Alfred Hitchcock isn’t just known for being one of the most famous directors of horror and thriller, but is easily one of the most influential movie directors from the classic movie era.
With over 50 feature films under his belt, released across six decades, Hitchcock has proven as prolific as any director in cinema history. His techniques paved the way for today’s best directors.
Classic films are often overlooked these days, or simply disregarded as snobby or irrelevant, but they laid the groundwork for every film that came after. As for Hitchcock, he was a master of suspense with the uncanny ability to keep you thrilled without gore or special effects.
Here are some of the best Alfred Hitchcock movies of all time and what kind of impact they had on future films. Consider renting all of these and experience a bit of cinema history!
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Rope is a movie that’s loosely based on the real-life murder commited by two University of Chicago students. In this collaboration with James Stewart, Hitchcock explores the idea of whether superior intellect can pull off the perfect murder.
After two students murder a former classmate, they throw a dinner party and invite the victim’s father, aunt, fiancee, friend, and an old professor of theirs played by Stewart. None are aware that the victim has died, or that his body is in the apartment they’re at.
What makes Rope so unique is that it was filmed in just 10 takes, in a single apartment unit, and played in “real-time” like a play.
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Often considered one of Hitchcock’s best movies in retrospect, Vertigo was actually considered a failure at the time. Hitchcock liked to blame this on Kim Novak, who he felt was miscast—but Novak brings depth to both of the roles she plays, and works very well with James Stewart.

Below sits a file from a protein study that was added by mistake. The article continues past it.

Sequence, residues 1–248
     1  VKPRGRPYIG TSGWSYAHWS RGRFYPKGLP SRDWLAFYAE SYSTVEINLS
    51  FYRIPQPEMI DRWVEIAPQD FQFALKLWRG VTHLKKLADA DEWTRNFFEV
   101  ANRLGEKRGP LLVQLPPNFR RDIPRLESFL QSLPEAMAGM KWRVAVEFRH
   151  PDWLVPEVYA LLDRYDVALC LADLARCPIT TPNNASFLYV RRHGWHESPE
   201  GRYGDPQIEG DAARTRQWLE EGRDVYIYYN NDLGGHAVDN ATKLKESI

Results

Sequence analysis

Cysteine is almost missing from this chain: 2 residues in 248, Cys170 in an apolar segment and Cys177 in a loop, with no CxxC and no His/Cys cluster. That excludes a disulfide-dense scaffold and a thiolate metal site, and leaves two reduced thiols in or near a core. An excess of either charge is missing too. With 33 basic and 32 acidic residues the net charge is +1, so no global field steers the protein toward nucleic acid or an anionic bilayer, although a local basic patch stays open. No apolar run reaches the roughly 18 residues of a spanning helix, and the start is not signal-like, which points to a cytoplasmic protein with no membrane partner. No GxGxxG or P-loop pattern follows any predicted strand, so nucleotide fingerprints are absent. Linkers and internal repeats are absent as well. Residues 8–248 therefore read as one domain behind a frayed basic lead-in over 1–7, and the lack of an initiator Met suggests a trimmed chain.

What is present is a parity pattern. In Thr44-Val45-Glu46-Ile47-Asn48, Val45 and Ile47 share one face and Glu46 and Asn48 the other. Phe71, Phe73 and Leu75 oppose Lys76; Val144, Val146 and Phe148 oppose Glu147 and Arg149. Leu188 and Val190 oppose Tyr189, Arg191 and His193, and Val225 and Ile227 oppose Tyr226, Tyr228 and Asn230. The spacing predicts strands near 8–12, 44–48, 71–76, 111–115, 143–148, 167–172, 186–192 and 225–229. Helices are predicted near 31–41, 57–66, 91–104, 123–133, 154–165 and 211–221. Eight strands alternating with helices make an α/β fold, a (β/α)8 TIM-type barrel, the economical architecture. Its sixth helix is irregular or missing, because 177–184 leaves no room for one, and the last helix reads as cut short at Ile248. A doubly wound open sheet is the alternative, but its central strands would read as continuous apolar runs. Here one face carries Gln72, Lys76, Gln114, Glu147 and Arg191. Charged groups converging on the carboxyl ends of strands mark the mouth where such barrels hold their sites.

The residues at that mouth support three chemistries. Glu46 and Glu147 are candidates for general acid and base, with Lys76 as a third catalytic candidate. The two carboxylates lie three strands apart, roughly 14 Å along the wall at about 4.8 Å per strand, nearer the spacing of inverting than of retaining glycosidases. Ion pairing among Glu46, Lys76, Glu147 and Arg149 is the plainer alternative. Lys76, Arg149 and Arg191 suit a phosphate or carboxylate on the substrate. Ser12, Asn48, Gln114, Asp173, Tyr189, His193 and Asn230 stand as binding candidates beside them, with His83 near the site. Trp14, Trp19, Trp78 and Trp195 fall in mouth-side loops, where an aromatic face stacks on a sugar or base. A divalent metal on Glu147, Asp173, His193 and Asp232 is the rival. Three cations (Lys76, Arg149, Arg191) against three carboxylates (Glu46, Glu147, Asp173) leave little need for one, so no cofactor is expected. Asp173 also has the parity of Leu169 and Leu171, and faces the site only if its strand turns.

What makes Vertigo so good? Well, you’ll have to watch it yourself to understand, but suffice it to say that Vertigo keeps you hooked from start to finish. It keeps you guessing, and it all culminates in a surprise ending. This movie is a must-watch if you haven’t yet!
Notorious is notable for two reasons: not only is it one of many iconic collaborations between Cary Grant and Alfred Hitchcock, but it also stars Ingrid Bergman and Claude Rains, who appeared together in Casablanca four years prior.
Bergman’s character is asked to spy on a group of Nazi friends in South America. She gets in deep, and even marries one of them to get closer—but she’s in love with her contact, played by Grant.
Notorious is so interesting to watch. Even though Grant is the hero of the movie, he doesn’t exude the same kind of charm that we’re used to seeing from him. He departs from this, yet remains intriguing.
There’s also Grant and Bergman’s kiss scene, which is notorious for skirting the Hays Code of Hollywood at the time. Kisses couldn’t be longer than three seconds, but they got around that by breaking their kisses up before immediately going back for more.
Psycho is easily Hitchcock’s most famous movie. Even if you’ve never heard of Hitchcock himself, you’ve certainly heard of Psycho—and you certainly know about its infamous shower murder scene with Janet Leigh, which is one of the most iconic scenes in all of horror.